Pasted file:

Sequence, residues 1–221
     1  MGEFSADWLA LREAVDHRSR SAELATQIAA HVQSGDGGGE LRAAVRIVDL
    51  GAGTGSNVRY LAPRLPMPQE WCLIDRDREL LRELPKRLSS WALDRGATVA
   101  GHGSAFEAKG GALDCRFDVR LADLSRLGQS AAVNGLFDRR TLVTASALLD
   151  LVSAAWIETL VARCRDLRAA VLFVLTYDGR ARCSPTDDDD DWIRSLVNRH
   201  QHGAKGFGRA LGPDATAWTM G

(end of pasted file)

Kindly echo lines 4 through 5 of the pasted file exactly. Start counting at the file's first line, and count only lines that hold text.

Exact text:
   101  GHGSAFEAKG GALDCRFDVR LADLSRLGQS AAVNGLFDRR TLVTASALLD
   151  LVSAAWIETL VARCRDLRAA VLFVLTYDGR ARCSPTDDDD DWIRSLVNRH